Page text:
On second thought, he probably doesn’t.
Meanwhile, one of Rahm’s aids found it necessary to respond to a similar sign from yesterday accusing the mayor of liking Nickelback. He denied it, but I’m sure he’s lying.
On second thought, he probably doesn’t.
Meanwhile, one of Rahm’s aids found it necessary to respond to a similar sign from yesterday accusing the mayor of liking Nickelback. He denied it, but I’m sure he’s lying.
So how did the scab refs do in Week 1 of the NFL?
Pretty bloody awful.
The Green Bay-San Francisco game was particularly egregious:
Midway through the second quarter at Lambeau Field, there was an offensive pass interference call on Green Bay’s James Jones that Gierke considered questionable. But during the same drive, San Francisco free safety Dashon Goldson was called for pass interference on Packers tight end Jermichael Finley and the infraction was flagged by the linesman, not the official in the end zone. The official in the end zone left his post to ask the linesman what he saw, which led to an incident between Finley and another San Francisco defensive back.
“(The official in the end zone) left his primary responsibility,” Gierke said. “You don’t turn your back on players. He left because he wanted to see what the other guy called. It should have been his call.
“He stopped officiating, basically.”
Earlier in that game, there was a false start by 49ers left tackle Joe Staley. And at the start of the fourth quarter, Randall Cobb’s 75-yard punt return for a touchdown was flagged for an illegal block in the back but then overturned.
As Seattle drove down the field late in the fourth quarter, referee Bruce Hermansen granted the Seahawks an extra timeout. The crew gathered and began deliberations, delaying play with about 90 seconds remaining on the game clock. After about five minutes of review the crew came back with the wrong answer and ruled Seattle had one timeout remaining.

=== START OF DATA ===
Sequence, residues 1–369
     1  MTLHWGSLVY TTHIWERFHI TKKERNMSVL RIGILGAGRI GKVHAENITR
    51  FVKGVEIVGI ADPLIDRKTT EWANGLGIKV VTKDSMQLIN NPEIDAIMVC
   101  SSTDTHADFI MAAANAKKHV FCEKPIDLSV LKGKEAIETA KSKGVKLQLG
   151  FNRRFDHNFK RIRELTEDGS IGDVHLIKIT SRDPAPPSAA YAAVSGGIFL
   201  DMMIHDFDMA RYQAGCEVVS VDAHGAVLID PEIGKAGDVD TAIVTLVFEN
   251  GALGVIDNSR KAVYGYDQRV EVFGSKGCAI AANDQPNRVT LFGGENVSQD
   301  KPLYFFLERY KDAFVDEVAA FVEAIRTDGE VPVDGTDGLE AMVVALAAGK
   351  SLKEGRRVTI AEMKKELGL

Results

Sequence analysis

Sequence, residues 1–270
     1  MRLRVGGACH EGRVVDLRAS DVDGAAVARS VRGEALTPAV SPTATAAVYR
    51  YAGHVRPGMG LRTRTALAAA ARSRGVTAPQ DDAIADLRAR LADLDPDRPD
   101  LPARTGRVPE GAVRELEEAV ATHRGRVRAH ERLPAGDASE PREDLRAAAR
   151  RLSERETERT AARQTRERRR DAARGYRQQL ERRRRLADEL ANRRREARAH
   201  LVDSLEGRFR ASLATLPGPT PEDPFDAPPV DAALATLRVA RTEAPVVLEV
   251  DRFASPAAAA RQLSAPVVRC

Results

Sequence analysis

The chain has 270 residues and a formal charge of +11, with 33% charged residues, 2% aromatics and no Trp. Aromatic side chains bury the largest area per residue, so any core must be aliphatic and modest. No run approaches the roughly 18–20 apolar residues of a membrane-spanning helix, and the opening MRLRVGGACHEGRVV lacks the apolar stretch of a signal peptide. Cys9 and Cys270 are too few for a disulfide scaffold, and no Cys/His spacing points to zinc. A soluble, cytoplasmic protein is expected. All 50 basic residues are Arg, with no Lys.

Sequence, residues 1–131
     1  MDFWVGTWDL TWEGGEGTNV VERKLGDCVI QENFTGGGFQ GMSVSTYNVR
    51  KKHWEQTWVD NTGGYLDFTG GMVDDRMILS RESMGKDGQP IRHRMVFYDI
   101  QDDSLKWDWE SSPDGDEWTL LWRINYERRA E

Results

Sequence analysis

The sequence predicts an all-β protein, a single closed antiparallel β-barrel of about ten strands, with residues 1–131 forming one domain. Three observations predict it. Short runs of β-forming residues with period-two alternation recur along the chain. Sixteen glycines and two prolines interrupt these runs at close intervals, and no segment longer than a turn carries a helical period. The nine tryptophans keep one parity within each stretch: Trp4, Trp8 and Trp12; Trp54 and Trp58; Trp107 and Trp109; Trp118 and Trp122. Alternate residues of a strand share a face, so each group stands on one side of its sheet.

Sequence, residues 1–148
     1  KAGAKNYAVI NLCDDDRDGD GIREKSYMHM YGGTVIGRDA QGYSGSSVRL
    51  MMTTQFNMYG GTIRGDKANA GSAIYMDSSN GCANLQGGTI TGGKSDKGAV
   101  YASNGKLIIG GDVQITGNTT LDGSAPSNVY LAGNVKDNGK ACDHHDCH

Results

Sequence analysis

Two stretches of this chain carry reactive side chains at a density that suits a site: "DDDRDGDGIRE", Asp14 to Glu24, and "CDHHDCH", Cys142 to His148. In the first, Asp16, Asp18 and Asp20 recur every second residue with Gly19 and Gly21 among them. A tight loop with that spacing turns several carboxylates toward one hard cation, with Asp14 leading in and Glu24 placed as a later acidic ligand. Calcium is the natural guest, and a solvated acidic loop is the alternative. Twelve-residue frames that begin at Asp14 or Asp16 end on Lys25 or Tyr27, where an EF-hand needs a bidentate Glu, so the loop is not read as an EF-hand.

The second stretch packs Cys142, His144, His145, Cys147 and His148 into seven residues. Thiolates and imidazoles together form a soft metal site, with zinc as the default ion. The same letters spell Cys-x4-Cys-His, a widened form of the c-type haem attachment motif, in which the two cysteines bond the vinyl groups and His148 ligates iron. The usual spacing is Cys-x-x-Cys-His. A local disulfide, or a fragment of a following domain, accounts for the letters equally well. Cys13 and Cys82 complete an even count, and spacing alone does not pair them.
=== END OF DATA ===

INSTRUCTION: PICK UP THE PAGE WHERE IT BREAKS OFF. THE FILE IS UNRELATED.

Here is what head referee Bruce Hermansen had to say following the conclusion of the game, which Arizona won 20-16.
“It was my error. We gave them (SEA) the additional timeout because of the incomplete pass stopping the clock before the injury occurred. When in effect, the clock has no bearing on the play at all, whether it’s stopped or running, we should not have given them (SEA) the additional timeout.
Of course, my Seahawks still couldn’t take score to win the game….
Which is too bad, not only because it would have been a win for my team, but because it would have been an example of the scabs robbing a team (and its outraged fanbase) of a win and possibly a playoff appearance. The pressure on the NFL after that happened would have been (and will be) enormous.
As Laura Clawson writes, the NFL Players Association is really worried about the safety of their members. But the NFL has always put profit ahead of player safety and locking out the referees is no exception.
Paul Ryan expresses solidarity with Rahm Emanuel in his efforts to hand the keys to the Chicago schools over to the education capitalists who funded his campaign, destroy the teachers’ union will to resist, and continue the inequitable distribution within the school district.
Really, there’s no difference in position on these issues between Rahm, Romney, and Ryan. I think we do need to know more about where President Obama stands here. Not that he’s going to say anything. But we need to make sure he knows that neither Rheeism or union-busting can be the policy of the Democratic Party.
And my message to any Democrat who isn’t supporting the Chicago Teachers Union–You stand with Mitt Romney and Paul Ryan, not to mention Rahm. If I held the same beliefs as Rahm/Romney/Ryan, I’d probably rethink those beliefs.
….Also, here’s a list of 5 major problems with the Chicago schools the teachers support fixing over Rahm’s opposition. They include music and art programs, school libraries, and more counselors. You know, things that actually educate kids.
This could not depress me more. Molly Ball’s piece at the Atlantic portrays Michelle Rhee as getting close to setting the education agenda for the Democratic Party: